Saturday, 1 August 2015
THE LEOPARD - Review By Greg Klymkiw - Magnificent, Heart-Achingly Romantic Visconti Epic @ TIFF Bell Lightbox Summer in Italy series & a gorgeous Criterion Collection BluRay
The Leopard (1963)
Dir. Luchino Visconti
Starring: Burt Lancaster, Alain Delon, Claudia Cardinale
Review By Greg Klymkiw
Christ Almighty, I love Luchino Visconti! Then again, what's not to love? The guy knocked us on our butts with one of the earliest forays into Italian Neo-realism, 1943's still-provocative Ossessione, his debut feature being the very first film adaptation of James. M. Cain's immortal crime melodrama "The Postman Always Rings Twice". With each subsequent picture, he progressively ladled on the most gorgeous, sumptuous compositions in service to increasingly melodramatic narratives.
Still, he almost never forgot his roots in the tradition that became far more synonymous with Roberto Rossellini and Vittorio De Sica. In spite of his penchant for the melodrama driving his epic of politics, war and romance, The Leopard (and so many subsequent films), neo-realism continued to be pervasive within Visconti's unflagging attention to detail, especially during both the battle scenes and lavish rituals of Sicily's ruling class which take breathtaking command of this stunningly great picture.
Based upon the novel by Giuseppe Tomasi di Lampedusa, Visconti and his raft of screenwriters including himself, Pasquale Festa Campanile, Enrico Medioli, Massimo Franciosa and Suso Cecchi d'Amico, craft the compelling tale of Don Fabrizio Corbera (Burt Lancaster), the powerful, respected and beloved Prince of Salina. Whilst many of his family members, neighbours and the estate's personal Catholic priest all fear the recent uprisings to unify Sicily and Italy, led by the savvy military genius General Garibaldi and his 1000 "redshirts", Don Fabrizio harbours a romantic kinship with the rebels. He even finances them and offers his unconditional blessings to his favourite nephew, the dashing, handsome Tancredi (Alain Delon) to join the "redshirts'" cause.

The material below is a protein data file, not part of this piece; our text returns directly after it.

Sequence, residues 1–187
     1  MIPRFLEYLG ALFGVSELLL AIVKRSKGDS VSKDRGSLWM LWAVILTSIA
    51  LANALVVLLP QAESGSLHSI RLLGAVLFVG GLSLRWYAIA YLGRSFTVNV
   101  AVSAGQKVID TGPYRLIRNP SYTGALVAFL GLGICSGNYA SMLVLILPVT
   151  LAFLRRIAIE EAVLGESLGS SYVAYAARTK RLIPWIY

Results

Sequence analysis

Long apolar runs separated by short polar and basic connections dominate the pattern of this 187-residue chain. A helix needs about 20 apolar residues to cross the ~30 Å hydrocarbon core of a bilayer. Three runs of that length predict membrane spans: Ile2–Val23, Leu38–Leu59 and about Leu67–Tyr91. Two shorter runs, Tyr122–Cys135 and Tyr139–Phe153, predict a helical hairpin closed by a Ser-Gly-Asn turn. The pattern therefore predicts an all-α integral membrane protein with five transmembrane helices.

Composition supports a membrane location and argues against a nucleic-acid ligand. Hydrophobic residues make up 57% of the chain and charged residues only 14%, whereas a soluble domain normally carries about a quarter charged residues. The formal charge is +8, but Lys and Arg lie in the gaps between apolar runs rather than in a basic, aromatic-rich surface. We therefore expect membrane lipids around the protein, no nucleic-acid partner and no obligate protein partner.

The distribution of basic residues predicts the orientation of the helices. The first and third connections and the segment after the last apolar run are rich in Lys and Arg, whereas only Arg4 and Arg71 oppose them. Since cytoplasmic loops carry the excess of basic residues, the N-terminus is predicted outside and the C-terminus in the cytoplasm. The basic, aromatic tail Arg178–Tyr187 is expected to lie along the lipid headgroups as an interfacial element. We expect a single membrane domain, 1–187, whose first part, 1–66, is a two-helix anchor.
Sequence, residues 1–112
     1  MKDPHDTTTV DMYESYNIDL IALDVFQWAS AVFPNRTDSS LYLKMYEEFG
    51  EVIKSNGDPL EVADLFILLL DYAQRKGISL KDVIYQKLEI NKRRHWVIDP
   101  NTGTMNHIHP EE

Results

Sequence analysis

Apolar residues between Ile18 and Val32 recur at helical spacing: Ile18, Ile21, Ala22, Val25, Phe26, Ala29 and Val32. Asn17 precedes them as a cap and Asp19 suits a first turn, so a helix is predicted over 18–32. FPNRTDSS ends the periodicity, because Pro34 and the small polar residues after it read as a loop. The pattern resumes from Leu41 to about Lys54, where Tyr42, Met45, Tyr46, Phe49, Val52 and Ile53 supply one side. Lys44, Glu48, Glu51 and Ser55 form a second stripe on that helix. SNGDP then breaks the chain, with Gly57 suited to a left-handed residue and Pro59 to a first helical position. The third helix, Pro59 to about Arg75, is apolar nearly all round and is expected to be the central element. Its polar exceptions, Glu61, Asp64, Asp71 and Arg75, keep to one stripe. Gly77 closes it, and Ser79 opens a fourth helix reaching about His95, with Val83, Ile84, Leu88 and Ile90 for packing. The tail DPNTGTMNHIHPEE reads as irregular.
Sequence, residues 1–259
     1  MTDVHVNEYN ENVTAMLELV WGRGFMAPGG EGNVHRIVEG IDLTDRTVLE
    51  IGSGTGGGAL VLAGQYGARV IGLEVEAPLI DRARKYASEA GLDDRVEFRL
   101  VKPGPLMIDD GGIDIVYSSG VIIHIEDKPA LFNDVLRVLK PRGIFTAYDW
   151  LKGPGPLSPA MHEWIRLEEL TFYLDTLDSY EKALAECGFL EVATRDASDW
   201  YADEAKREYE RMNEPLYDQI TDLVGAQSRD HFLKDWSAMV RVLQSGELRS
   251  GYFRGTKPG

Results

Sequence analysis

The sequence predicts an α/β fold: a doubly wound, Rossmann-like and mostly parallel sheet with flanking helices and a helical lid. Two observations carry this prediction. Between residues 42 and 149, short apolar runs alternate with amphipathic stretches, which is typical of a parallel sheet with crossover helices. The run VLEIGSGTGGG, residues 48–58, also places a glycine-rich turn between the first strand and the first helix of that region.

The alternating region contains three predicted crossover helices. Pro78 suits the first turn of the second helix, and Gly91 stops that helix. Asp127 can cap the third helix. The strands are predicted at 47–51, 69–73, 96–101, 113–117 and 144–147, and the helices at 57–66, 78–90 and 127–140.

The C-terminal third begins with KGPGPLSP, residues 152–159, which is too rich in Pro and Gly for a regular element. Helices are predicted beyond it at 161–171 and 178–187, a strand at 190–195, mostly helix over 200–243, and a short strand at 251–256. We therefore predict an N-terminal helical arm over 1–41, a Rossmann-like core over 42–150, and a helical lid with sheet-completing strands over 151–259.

Don Fabrizio is more than happy to share his beliefs with those who will listen: the uprisings will ultimately mean everything and nothing. Yes, they will further unify Italy, but in fact, the "changes" are necessary to maintain the "status quo". Essentially, nothing will really change (at least in the immediate future) for Italy's aristocracy.
His relationship with Tancredi is especially close. The lad takes the place of the son he's always wanted. His love for Tancredi is such that he pooh-poohs the notion of his own daughter marrying the gorgeous swashbuckler since he's well aware of the fact that such a young man (his estate squandered by Fabrizio's brother) will require a wife of considerable wealth. Fabrizio has dowries to offer, of course, but with seven daughters, none of them will come close to adding up collectively to what he feels Tancredi will need for both himself and to solidify the power of the Corbrera Dynasty. Fabrizio is as politically and financially astute as he is a romantic.
In addition to the astonishing battle sequence involving the fall of Palermo to the "redshirts", Visconti continues to soar as a filmmaker with two key set pieces in the 3-hour-long film. One involves the family's journey to their country palace in Donnafugata and the other, a grand ball involving the presentation, or "coming-out" (if you will) of Tancredi's wife-to-be, the drop-dead gorgeous and mega-wealthy Angelica (Claudia Cardinale).